German composer and pianist Ludwig van Beethoven never had it easy … and not just because this man of music was deaf. He began noticing hearing problems in 1798 when he was 28 years old, according to PBS. By then, he already achieved acclaim. By 1824, when his famous 9th Symphony premiered, he needed to watch the audience to see their reaction to his work because he couldn’t hear the applause.
Struggling to compose as the world became increasingly silent held challenges. The ever-resilient Beethoven had an amplifier made for his piano, dubbed a hearing machine, which aided him and provided a possible tactile connection, according to Classical Music. He also removed his piano legs so he could lie on the floor and use it to gauge his music, according to Hearing Health Matters.
Beethoven’s childhood was, overall, plagued with hardships, including a harsh father and the loss of several siblings.
Beethoven came from a musical family. His grandfather, another Ludwig, sang and was Kapellmeister in their Bonn hometown — an appointed musical director position that offered prestige. His father, Johann, a court musician and teacher, struggled with alcoholism, which made the family’s financial and social situation precarious, according to Kevin Martin in “Beethoven and his Father: Alcoholism and the Gifted Child.”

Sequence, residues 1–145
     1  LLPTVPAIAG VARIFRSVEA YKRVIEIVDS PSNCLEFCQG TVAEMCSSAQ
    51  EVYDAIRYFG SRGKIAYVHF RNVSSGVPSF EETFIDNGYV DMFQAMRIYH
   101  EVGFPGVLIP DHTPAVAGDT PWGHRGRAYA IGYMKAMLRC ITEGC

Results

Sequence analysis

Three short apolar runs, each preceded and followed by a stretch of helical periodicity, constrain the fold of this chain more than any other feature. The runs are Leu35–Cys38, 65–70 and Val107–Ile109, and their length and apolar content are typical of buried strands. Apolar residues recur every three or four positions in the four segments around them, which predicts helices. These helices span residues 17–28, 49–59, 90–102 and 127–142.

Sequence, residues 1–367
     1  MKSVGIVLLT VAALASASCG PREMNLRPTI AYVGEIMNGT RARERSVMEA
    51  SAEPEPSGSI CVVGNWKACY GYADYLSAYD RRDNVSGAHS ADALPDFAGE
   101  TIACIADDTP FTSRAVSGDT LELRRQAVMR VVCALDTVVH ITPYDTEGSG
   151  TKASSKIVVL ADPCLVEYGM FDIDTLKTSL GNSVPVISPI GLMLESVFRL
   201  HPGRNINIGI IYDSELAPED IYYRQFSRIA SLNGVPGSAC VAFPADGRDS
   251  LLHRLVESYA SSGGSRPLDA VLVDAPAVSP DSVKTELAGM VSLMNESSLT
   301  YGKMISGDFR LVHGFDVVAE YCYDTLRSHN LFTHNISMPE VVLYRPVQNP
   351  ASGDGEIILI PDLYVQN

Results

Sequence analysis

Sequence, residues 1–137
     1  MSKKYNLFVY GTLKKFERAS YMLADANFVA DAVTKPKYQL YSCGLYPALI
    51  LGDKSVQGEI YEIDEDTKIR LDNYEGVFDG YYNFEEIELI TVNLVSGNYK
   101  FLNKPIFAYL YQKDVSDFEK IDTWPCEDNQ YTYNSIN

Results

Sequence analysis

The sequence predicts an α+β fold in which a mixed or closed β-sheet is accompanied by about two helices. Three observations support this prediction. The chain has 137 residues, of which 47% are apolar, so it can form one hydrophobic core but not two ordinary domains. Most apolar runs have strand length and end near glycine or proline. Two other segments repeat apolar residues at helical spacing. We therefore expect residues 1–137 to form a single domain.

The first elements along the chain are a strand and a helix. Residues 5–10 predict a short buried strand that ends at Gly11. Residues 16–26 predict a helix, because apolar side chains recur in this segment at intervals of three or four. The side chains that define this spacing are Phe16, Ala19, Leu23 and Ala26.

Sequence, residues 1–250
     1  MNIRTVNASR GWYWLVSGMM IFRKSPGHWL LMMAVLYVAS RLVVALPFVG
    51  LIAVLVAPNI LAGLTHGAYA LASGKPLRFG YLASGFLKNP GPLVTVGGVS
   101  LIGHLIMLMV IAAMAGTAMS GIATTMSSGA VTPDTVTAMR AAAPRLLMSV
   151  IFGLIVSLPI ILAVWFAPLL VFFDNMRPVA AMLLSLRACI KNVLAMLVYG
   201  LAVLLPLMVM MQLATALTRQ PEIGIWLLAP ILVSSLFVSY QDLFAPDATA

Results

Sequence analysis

His father was also a harsh teacher. “Every time Ludwig hit a sour note, his father’s hands came crashing down on his son’s with a loud, discordant thwack,” Martin wrote.
Beethoven's family hardship
When his father saw his child’s talent, he hoped to mold him as a prodigy so he could find the same success and fortune that Wolfgang Amadeus Mozart experienced as a young phenom, but Beethoven wouldn’t become famous until much later.
Beethoven, the second of seven children, also saw many of his siblings die, according to My Heritage. Only he and two younger brothers — Kaspar Anton Karl and Nikolaus Johann — reached adulthood. His older brother, Ludwig Maria, lived less than a week. His sister, Anna Maria Francisca, died after a few months. Brother Franz Georg only lived until he was 2. Another sister, Maria Margarita Josepha died at 1 in 1786 — the same year, Beethoven’s mother, Maria Magdalena Keverich died, probably of consumption.
While mortality rates were not great around that time, according to Our World in Data, with life expectancies of 40 considered high, the onslaught of so much familial death impacted Beethoven. When his brother Kaspar died of tuberculosis in 1815, he ended up caring for his nephew, Karl. He often addressed him as “My son” in letters and helped him financially throughout his life, according to CMUSE.
But, even, becoming a father figure for his brother’s son had a toll. He quarreled with his widow, Johanna, and a seven-year custody battle ensued, according to Biography — just another difficult situation for Beethoven to navigate.
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